The talk began because of what happened across the street from the LSU Assembly Center the night of Oct. 26, just after the LSU basketball team returned from an intrasquad game, interestingly enough, at the state penitentiary at Angola. Horford had 14 points and four rebounds. Some players sought refuge from the pouring rain, a harbinger of Hurricane Juan, by rushing to a concert at the Assembly Center, where the rock star Sting was playing. After Sting was finished, at about 11 o'clock, immediately across the way another sting was starting. It was then that the FBI observed Brodhead and a 300-pound man with a squeaky voice identified by SI's sources as George Arthur Davis, an FBI informant, entering the LSU athletic offices. Once inside, according to an FBI affidavit, they discussed what Brodhead allegedly wanted to accomplish, namely, the installation of equipment with the intent "of intercepting oral communication within his office to which he was not a party"—a federal violation for which the maximum penalties are a $10,000 fine, five years in prison, or both. The following day a federal search warrant was issued, and the equipment—transmitters, voice-activated tape recorder, a patch cord, your basic tools from the G. Gordon Liddy library—was confiscated. Ed Pistey, the agent in charge of the FBI's New Orleans office, which has jurisdiction in the case, said, "The results that have been achieved can be described as positive."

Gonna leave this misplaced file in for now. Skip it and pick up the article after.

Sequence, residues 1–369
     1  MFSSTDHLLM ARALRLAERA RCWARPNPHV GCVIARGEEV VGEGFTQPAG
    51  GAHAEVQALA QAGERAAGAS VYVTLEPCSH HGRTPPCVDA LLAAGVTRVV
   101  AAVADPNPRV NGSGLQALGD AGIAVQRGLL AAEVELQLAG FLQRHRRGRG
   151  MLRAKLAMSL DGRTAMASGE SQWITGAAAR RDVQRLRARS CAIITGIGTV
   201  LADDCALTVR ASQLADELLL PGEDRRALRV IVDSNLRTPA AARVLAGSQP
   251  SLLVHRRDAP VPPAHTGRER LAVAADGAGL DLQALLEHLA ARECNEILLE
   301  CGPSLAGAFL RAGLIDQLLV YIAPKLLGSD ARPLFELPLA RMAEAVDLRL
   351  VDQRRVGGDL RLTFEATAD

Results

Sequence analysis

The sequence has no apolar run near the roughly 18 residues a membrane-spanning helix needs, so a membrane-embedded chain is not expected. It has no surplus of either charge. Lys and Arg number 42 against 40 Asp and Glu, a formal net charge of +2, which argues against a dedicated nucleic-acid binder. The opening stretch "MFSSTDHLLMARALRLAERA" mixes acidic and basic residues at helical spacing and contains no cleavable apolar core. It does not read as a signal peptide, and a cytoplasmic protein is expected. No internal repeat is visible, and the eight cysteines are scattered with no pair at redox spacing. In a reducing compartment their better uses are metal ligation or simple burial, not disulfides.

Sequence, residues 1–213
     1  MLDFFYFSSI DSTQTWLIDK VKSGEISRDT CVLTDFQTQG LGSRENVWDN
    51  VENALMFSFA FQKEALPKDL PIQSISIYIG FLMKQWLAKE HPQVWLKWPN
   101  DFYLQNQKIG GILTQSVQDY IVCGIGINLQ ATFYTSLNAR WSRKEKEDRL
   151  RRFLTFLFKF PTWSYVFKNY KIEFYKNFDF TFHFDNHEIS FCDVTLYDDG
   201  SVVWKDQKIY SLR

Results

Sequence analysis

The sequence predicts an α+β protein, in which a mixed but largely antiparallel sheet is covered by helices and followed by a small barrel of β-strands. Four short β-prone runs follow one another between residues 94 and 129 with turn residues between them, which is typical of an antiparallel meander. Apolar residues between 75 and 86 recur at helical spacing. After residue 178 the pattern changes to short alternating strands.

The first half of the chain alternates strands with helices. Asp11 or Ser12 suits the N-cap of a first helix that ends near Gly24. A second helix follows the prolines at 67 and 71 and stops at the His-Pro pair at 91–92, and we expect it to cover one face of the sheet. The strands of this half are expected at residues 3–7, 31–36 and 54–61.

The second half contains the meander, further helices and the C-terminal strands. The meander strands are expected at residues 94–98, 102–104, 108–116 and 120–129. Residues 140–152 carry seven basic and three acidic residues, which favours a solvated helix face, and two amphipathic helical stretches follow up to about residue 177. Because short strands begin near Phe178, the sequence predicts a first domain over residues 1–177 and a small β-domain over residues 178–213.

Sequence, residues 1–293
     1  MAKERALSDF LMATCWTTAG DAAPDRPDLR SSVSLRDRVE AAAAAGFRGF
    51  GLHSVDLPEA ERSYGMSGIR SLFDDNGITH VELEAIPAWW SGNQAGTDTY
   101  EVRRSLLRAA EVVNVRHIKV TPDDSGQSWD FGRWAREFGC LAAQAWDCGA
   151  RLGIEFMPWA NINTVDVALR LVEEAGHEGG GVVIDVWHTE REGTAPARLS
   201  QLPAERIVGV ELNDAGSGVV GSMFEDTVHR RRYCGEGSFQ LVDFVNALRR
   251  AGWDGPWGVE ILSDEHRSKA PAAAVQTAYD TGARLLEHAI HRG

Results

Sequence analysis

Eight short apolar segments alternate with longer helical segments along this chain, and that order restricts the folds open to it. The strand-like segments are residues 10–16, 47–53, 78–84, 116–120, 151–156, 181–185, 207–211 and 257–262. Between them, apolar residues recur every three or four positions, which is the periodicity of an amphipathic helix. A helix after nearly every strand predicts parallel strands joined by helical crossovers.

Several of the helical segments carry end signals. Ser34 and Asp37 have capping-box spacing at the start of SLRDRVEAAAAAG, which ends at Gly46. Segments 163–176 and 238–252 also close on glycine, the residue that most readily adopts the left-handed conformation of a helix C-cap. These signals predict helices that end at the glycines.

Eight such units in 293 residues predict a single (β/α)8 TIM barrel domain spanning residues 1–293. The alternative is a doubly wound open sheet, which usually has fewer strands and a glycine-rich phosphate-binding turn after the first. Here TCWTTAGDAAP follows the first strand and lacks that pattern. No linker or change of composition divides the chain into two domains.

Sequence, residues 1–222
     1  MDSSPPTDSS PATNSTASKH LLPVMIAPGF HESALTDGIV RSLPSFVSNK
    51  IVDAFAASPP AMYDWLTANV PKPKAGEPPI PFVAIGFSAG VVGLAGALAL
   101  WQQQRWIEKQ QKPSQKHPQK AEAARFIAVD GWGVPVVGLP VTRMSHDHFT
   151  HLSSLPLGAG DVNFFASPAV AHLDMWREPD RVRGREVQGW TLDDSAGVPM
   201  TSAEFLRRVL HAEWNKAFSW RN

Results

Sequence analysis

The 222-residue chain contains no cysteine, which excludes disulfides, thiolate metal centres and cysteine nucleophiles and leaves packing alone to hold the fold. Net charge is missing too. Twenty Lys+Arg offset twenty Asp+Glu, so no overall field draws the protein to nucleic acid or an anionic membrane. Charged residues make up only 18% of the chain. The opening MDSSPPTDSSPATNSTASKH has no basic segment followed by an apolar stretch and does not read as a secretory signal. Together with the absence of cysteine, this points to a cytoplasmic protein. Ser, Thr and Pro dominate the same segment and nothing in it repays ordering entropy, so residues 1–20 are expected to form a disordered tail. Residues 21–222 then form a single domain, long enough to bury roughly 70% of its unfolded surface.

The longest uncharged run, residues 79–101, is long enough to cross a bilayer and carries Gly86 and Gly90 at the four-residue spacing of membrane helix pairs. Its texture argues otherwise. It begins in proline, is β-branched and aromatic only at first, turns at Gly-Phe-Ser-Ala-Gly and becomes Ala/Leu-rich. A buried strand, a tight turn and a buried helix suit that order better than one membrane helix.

Brodhead's explanation was that he was concerned about "information leaks" emanating from his $10 million department and that by telling "different but sensational" stories to the suspected but unspecified leakers, he would set a trap and nab the culprits when those stories appeared in the media. However, there was widespread speculation that the real target of the bugging scheme was that hoary, primeval outfit, the NCAA. Although Brodhead denied that the NCAA was his target, the fact remained that the dates for his planned bugging operation, as given on the affidavit, were just before the dates on which NCAA investigator Doug Johnson was scheduled to use Brodhead's office to conduct interviews with LSU athletes.